WEST ORANGE, NJ-A long-delayed $230 million project to convert Thomas Edison’s historic factory buildings on this township’s Main Street into a residential complex is ready to launch in April.
Prism Capital Partners, which was named redeveloper of the site, has won final approval for the first phase, including creation of 331 apartments, retail space and parking. The financial arrangement with the township includes a payment-in-lieu-of taxes agreement.
Prism was designated as the redeveloper for what is to be called Edison Village back in December 2006. By 2008, the company had completed much of the demolition and site work for the project, described as the largest non-waterfront re-use development in New Jersey.
Then, the housing and financial industry crises occurred, followed by a full-scale recession. On Monday, as Prism announced it will break ground in spring, West Orange Mayor Robert Parisi called the company “faithful and loyal” to his community’s potential.
“Main Street is the heart of West Orange and the most vivid and authentic expression of our history and culture,” said Parisi. “Its redevelopment gives us the opportunity to create an exciting downtown in an area that has been neglected for too long.”
The Thomas Edison Invention Factory and Commerce Center was built by the famed light-bulb creator in 1913, and served as a working industrial center until 1965. Edison employees produced storage batteries used in light delivery vehicles, automobiles, railroad signals, industrial applications and mining equipment there.
Phase I of Edison Village involves total renovation and reconstruction of that facility.
“Since industrial structures of this type are few and far between in suburban New Jersey, Edison Village truly represents a distinctive project,” said Prism’s Edwin Cohen, principal partner. “The design, by Minno & Wasko Architects and Planners, takes advantage of existing architectural features to incorporate ceiling heights ranging from 14 to 16 feet and 10-foot windows that will let in abundant natural light.”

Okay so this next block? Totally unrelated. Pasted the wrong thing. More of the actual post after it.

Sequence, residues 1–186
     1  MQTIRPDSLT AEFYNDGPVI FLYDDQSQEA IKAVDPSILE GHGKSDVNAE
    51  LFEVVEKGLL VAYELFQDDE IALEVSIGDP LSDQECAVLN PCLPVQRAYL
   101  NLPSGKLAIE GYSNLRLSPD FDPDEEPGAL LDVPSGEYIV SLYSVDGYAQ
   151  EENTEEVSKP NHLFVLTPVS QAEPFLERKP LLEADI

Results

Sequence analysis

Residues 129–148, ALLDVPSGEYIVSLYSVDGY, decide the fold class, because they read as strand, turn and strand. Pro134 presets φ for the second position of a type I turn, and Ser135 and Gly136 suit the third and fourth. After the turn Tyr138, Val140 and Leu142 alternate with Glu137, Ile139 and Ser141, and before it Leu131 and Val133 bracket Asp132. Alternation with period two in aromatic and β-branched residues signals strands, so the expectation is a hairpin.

The building’s 331 studio, one-, two- and three-bedroom rental apartments will range from 590 to 1,500 square feet. Residents will have access to a private fitness center, swimming pool, personal and bike storage, meeting rooms and doorman service. The project is designed to meet LEED green building certification standards and includes parks and open green spaces on the 21-acre site.
Edison Village’s first phase also includes 18,000 square feet of retail space, which will be built at the corner of Charles Street and along Main Street. Also, a 630-car parking area is part of the first phase.
Phase II will add another 300 housing units, according to Prism.
“Edison Village is contributing significantly to the regeneration of the neighborhood,” said Cohen in reference to the PILOT agreement, which has been controversial. “Its attractive new residences will bolster property values, and the new population in this revitalized area is expected to generate some $10 million of additional local retail spending annually.”
Edison Village will be bounded to the west by the historic Llewellyn Park, said to be the state’s first gated community. The recently refurbished Edison National Historic Site and museum is located adjacent to the property.
Prism, which is based in Bloomfield, is also at work on the adaptive reuse of the 115-year-old former General Electric Company property in that community to create the Parkway Lofts apartments.